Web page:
Everyone knows that whoever donates does something good. Donation is like an anchor for those who are in need. But if you are short of money yourself, you can hardly be a donor. Or is it?
If you are not financially well, it is understandable that there could hardly be any donations. You may be struggling for financial survival yourself and just barely making ends meet with available funds. But honestly: a few USD will not save your situation. The people in need – yes.
If you say you are in need because maybe your own credit bureau is just so bad, then you should visit a cancer ward to get to know real needs. Poor creditworthiness can be improved with one’s own efforts, severe strokes of fate like incurable diseases – hardly any.
Deductibility of donations
Donations can be deducted from tax. It’s easy, you just have to be able to prove it. You can read all the steps here.
Donate without money
If you are totally opposed to donating money and still want to help, you can of course do without money. Good examples would be blood donation or stem cell donation. Volunteering is also a good thing. You donate your time and emotions to support others. You can do that in old people’s homes, but also in refugee homes. You do not only do something good for others, but also yourself – you just feel better and better after a good deed.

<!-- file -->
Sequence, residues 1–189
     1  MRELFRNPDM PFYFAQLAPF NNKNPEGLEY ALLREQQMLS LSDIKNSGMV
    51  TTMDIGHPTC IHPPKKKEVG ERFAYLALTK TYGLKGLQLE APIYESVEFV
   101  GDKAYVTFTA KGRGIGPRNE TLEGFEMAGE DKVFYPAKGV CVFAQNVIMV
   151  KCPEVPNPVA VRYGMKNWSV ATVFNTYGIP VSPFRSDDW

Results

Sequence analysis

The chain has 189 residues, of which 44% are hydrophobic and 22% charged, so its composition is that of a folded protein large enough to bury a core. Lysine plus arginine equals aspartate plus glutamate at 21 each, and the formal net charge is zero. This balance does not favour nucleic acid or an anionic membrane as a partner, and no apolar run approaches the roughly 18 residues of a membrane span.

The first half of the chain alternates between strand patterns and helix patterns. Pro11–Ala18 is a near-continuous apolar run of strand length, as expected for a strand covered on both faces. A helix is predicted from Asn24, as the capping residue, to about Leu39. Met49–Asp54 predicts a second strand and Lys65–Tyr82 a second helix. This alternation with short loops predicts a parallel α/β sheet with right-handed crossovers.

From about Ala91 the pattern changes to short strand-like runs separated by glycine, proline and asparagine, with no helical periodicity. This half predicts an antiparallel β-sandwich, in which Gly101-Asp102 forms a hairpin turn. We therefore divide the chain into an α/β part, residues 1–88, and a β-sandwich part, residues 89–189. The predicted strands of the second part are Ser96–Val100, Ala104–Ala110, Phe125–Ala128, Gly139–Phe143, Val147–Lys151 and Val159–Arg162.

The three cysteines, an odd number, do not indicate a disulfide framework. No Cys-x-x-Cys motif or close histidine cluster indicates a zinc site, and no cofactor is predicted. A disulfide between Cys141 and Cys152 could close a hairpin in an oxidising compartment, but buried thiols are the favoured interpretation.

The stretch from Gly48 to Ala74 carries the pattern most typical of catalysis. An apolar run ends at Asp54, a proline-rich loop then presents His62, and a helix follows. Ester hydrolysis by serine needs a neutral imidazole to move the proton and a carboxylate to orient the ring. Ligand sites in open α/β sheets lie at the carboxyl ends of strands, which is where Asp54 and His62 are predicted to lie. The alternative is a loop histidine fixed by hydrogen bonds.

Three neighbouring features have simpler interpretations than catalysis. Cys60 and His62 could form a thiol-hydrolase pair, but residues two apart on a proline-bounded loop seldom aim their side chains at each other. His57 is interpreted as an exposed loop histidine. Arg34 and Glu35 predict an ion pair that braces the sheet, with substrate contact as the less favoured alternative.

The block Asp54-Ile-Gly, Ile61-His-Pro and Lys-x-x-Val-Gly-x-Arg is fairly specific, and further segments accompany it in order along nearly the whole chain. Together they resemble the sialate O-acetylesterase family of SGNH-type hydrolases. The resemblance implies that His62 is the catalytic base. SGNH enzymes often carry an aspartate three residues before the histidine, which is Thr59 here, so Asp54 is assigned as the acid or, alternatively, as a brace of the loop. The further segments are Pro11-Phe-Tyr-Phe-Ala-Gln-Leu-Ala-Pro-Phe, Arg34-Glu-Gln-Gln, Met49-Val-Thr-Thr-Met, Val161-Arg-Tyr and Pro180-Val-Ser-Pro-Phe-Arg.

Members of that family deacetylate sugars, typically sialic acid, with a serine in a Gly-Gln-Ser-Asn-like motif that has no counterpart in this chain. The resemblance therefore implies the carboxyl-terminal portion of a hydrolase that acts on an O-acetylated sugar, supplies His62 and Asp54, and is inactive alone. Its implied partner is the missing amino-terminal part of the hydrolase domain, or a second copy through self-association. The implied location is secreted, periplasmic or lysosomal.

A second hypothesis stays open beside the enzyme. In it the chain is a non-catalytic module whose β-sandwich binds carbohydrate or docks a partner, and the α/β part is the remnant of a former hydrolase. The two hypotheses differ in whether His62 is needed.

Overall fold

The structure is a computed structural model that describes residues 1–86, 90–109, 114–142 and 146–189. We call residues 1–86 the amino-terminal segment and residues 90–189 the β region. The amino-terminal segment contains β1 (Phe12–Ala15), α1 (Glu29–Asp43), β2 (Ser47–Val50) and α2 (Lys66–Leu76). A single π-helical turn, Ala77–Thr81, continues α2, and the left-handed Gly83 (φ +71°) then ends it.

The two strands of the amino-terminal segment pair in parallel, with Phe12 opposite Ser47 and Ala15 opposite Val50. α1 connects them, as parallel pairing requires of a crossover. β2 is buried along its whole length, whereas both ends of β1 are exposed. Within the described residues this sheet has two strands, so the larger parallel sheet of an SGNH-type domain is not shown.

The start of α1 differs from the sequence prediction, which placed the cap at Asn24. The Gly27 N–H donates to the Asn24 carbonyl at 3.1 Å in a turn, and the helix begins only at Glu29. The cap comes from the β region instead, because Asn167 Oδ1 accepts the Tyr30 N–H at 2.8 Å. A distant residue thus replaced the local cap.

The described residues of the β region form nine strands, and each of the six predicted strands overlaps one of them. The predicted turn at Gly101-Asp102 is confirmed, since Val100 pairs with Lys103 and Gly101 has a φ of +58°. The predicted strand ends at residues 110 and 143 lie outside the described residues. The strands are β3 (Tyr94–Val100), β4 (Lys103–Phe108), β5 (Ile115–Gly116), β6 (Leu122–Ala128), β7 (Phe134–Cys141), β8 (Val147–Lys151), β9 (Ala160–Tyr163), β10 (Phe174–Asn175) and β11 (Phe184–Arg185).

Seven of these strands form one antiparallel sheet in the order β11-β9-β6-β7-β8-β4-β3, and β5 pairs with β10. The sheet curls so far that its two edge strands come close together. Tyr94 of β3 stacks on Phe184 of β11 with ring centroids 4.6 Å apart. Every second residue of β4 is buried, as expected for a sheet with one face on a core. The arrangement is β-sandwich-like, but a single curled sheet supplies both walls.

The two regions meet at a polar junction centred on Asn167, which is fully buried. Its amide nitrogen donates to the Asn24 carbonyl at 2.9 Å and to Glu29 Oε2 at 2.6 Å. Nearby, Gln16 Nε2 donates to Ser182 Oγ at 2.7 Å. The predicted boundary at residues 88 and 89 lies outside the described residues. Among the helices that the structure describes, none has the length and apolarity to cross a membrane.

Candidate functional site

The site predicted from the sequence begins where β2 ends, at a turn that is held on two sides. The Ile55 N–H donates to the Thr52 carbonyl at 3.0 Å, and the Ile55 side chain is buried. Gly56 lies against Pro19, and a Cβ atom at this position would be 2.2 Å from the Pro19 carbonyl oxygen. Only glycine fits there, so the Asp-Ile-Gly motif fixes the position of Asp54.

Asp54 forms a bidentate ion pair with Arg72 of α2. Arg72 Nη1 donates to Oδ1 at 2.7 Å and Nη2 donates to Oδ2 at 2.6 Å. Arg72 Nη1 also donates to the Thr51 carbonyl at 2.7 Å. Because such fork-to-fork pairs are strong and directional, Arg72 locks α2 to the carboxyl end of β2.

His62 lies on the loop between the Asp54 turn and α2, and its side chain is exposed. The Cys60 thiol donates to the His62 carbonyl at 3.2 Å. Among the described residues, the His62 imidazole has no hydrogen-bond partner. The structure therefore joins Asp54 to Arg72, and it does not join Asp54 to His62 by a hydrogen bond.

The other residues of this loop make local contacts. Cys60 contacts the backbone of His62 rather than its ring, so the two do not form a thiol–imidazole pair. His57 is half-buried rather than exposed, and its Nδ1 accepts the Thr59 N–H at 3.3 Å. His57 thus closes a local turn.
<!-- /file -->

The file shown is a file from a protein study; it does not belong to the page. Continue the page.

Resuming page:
Conclusion: Even if your own financial situation sometimes does not look rosy and creditworthiness cries out for an improvement, you can deal with the topic of “donating”. A few USD are almost always left over, and even those can be deducted from tax afterwards. If you do not see it but still want to do something good, you can still donate without having to reach into your wallet. It ranges from donations in kind to donations of blood. What you get afterwards is a positive feeling. It is also conceivable that if you see that there are people who are much worse off, you look at your own, unfavorable financial situation from a different perspective.